Mitochondria are structures within the cell that convert energy from food into energy the cell can use. Each cell contains hundreds to thousands of mitochondria. Although most DNA is found inside the cell’s nucleus, mitochondria also contain a small amount of DNA, known as mitochondrial DNA.
In the early 2000s, researchers realized that short sections of mitochondrial DNA encode small (less than 100 amino acids long), biologically active proteins, now referred to as mitochondrial microproteins. The first mitochondrial microprotein to be discovered was called “humanin.”
There is growing evidence that humanin and other similar mitochondrial microproteins play a role in several age-related conditions, including Alzheimer’s disease.
Alzheimer’s disease is the most common type of dementia, characterized by progressive mental deterioration. According to the CDC, as many as 5.8 million Americans were living with Alzheimer’s disease in 2020.
The Cohen Laboratory at the University of Southern California (USC), one of the three laboratories that independently discovered humanin in 2003, has discovered a new microprotein connected to the risk of Alzheimer’s disease.
Their latest research, published in the journal of Molecular Psychiatry, revealed that a mutation in the newly discovered ‘SHMOOSE’ microprotein is associated with a higher risk for Alzheimer’s disease across four cohorts. According to the researchers, nearly 1 in 4 individuals with European ancestry have the mutated version of the protein.
Dr. Pinchas Cohen, professor of gerontology, medicine, and biological sciences and senior author of the study, told Medical News Today:
“The implications are not immediate, but we believe that [relatively soon], the SHMOOSE SNP [single nucleotide polymorphism] genetic variant that is found in over 20% of Europeans may guide both the classification of individuals that are at risk for Alzheimer’s that may benefit from certain preventive measures and also could inform the selection of medical interventions that will become available in the near future. A bit further ahead, SHMOOSE [protein] analogues may become available as therapeutics for individuals who carry the SNP and develop dementia, in a ‘precision medicine’ approach.”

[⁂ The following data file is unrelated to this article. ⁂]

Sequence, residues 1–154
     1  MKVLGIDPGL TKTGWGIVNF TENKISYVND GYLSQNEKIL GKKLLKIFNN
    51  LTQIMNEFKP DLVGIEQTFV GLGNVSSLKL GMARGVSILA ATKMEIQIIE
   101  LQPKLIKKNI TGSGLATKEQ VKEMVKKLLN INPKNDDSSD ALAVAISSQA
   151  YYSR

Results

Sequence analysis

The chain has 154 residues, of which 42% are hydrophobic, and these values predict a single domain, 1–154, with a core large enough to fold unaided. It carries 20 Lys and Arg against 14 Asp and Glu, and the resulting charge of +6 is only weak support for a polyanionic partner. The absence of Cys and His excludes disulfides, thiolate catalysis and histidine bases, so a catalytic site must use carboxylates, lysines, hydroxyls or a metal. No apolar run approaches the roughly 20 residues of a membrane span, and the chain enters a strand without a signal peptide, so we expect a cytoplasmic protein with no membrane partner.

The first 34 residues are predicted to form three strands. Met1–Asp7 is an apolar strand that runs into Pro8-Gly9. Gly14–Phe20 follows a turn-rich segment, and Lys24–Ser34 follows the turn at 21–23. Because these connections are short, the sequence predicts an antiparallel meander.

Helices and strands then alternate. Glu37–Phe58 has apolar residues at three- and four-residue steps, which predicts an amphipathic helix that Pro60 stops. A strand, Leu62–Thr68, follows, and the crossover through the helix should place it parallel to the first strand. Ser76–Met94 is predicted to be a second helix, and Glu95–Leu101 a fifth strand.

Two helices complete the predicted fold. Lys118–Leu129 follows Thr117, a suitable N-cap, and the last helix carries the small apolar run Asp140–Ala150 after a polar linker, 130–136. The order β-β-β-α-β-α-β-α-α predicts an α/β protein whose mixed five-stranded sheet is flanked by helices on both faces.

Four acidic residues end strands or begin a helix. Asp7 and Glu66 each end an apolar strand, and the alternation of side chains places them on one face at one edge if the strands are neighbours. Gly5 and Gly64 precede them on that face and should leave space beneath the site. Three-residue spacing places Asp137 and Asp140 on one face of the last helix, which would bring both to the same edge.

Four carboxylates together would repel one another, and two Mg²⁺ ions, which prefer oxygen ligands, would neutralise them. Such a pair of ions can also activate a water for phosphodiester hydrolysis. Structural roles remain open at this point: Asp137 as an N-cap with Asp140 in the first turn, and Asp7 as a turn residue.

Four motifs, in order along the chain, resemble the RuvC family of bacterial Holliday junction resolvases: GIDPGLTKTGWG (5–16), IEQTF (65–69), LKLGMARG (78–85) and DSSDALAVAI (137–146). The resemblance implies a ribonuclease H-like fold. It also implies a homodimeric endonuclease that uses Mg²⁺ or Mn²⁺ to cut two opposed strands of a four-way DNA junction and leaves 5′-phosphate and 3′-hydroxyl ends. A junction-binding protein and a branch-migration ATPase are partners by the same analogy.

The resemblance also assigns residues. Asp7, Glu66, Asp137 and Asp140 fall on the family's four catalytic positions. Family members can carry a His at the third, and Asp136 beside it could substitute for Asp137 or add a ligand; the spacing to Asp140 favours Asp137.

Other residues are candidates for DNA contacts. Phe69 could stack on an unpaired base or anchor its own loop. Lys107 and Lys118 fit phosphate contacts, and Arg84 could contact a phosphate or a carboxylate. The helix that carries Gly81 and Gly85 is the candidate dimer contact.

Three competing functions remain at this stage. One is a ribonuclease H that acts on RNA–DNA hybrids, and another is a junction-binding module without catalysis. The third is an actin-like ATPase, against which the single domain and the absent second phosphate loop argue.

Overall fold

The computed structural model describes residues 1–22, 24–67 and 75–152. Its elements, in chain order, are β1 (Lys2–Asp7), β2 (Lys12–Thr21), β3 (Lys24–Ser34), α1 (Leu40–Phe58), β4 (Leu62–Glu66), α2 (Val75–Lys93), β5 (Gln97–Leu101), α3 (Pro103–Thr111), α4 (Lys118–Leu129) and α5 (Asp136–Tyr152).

Brendan Miller, Ph.D., first author of the study, studied mitochondrial DNA sequences from the Alzheimer’s Disease Neuroimaging Initiative (ADNI) database, searching for small variations in the genes called single nucleotide polymorphisms or SNPs. He found that a mutation in one particular mitochondrial SNP (rs2853499) was associated with a greater risk of Alzheimer’s disease and brain atrophy.
Dr. Miller and his colleagues then discovered that the mutated SNP causes a change in a mitochondrial microprotein, which they called “SHMOOSE.” The researchers used a technique called immunoprecipitation to isolate the SHMOOSE microprotein from the mitochondria of nerve cells.
When they analyzed this sample using mass spectrometry, they detected and identified two unique protein fragments from the SHMOOSE microprotein. The researchers reported that this is “the first unique mass spectrometry-based detection of a mitochondrial-encoded microprotein to date.”